In tales reminiscent of the ghost and horror stories told by young people around the world, Rennie Farm had more than its share. The fenced one-acre Rennie Farm sits on a partly wooded 218-acre property off Hanover Center Road in Hanover, New Hampshire.
Until 2011, according to the Valley News
, most residents in the semi-rural community had no idea what was buried on a half-acre site on Rennie Farm.
But there were plenty of stories circulated through the community. Horror stories, from strange crop circles to piles of writhing snakes, along with corpses reeking of formaldehyde were told in hushed conversations. Actually, the circles were nothing more than colonies of fungus, and the snakes were just finding a warm spot in the basement of the farm house. But the corpses, well, that was true.
In the 1960s and 70s, Dartmouth College used the Rennie Farm site as a burial ground for lab animals used in "tracer experiments," where radioactive isotopes were injected into animals so scientists could observe how things moved through a living organism. A nearby site contained human cadavers as well as stillborn fetuses used in medical classes.
In 2011, Dartmouth began a cleanup of the burial ground on Rennie Farm, removing 40 tons of carcasses and soil from dozens of unlined pits that were legal to use at the time. But residents knew something was up when workers in full-body hazmat suits were seen.
In 2012, contractors discovered hazardous waste
and low-level radioactive materials at the site, and eventually evidence that at least one chemical used in the animal experiments, the suspected carcinogen 1,4-dioxane, had leaked into the groundwater.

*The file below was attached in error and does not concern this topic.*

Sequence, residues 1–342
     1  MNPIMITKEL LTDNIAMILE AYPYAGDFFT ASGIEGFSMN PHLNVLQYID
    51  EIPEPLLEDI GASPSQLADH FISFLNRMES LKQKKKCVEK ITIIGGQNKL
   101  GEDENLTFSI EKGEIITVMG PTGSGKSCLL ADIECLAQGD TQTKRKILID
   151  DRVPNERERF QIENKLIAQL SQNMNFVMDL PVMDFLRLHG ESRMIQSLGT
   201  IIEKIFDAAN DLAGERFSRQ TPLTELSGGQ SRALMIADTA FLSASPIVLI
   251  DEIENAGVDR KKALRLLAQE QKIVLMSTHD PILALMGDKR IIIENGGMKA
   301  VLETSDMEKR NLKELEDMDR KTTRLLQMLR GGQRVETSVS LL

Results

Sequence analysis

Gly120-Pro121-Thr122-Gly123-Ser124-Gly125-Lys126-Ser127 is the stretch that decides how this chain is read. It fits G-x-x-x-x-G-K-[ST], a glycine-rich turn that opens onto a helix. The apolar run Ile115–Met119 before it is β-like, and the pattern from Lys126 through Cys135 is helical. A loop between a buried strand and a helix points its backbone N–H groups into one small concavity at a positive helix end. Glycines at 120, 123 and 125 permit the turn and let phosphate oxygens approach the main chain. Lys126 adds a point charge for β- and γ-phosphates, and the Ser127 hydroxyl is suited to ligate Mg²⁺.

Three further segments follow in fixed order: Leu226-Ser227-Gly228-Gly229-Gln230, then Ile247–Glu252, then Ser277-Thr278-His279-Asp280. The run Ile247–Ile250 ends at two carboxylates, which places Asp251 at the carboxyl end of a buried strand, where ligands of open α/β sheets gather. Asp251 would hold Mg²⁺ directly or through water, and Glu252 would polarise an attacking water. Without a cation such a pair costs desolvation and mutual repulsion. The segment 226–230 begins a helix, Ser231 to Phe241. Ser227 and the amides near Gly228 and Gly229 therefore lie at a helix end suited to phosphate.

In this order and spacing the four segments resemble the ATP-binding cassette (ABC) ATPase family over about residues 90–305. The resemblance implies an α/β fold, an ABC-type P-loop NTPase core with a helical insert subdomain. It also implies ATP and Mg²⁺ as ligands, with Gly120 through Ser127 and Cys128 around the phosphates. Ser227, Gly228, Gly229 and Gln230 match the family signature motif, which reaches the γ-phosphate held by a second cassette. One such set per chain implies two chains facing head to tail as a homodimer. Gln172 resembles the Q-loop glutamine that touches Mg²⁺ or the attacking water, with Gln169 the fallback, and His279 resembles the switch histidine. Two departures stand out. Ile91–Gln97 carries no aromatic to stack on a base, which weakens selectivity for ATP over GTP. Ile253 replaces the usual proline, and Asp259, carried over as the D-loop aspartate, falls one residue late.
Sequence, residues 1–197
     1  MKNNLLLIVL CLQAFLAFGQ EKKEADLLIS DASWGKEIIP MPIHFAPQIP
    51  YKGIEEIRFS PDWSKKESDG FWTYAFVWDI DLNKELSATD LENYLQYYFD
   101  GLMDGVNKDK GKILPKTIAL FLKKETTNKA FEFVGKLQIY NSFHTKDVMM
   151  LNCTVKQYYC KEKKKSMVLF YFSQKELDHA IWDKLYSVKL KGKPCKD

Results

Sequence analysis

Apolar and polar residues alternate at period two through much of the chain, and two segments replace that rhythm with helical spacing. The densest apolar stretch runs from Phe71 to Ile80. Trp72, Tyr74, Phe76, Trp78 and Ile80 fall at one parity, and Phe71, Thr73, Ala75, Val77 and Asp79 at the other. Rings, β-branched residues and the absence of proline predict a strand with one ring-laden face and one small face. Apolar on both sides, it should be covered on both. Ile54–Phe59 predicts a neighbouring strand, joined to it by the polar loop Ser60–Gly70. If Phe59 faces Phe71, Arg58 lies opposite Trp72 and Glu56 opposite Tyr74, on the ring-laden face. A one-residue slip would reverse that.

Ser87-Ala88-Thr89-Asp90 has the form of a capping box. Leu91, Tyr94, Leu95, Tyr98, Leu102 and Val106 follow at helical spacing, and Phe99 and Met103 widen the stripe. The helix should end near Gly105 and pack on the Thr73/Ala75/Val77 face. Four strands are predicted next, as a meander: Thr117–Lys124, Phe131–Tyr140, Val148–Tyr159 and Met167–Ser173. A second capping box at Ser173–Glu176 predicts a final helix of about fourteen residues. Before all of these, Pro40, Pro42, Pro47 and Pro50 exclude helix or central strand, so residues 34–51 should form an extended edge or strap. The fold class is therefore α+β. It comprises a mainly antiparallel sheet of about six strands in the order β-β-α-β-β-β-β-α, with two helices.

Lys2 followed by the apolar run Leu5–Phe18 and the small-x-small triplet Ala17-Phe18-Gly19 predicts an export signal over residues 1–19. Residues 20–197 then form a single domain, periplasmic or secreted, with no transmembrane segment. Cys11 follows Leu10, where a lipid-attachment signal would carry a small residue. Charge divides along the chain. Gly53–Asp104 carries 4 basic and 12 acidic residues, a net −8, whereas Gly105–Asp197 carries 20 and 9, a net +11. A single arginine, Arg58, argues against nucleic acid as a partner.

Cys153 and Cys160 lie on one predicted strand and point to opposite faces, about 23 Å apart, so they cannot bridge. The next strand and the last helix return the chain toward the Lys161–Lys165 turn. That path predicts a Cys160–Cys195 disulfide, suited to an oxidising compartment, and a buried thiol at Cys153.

1,4-dioxane is a heterocyclic organic compound classified as an ether. It is also classified as a carcinogen linked to organ toxicity, yet it is found as a contaminate in as much as 22 percent of personal care products
that create suds (such as shampoo, liquid soap, bubble bath), hair relaxers, and others.
The suspected carcinogen was found at levels of 50 times the state standard of three parts per billion on the site and more recently as high as 600 parts per billion in the ground. But the scary part about this horror story is the findings that the compound had migrated off the property 800 feet and contaminated homeowners, Richard and Debbie Higgins' well water.
The Higgins family blame the contamination on a variety of health problems, reports the Concord Monitor,
including rashes, hair and skin loss and dizziness. Even their dogs were not spared, they say, with one urinating blood and another vomiting.
In September, Dartmouth apologized and established a neighborhood advisory panel as well as tested 110 wells, but no others tested positive. A college representative said at the time: "We are committed to protecting the health of our neighbors, addressing their concerns, and communicating regularly."
So far, Dartmouth has spent $8.4 million on the cleanup
of the contaminated site, and they are still not finished. The Higgins family wants all the site cleaned up, and they just want to get on with their lives. Their health problems, for the most part, have cleared up after they switched to bottled water.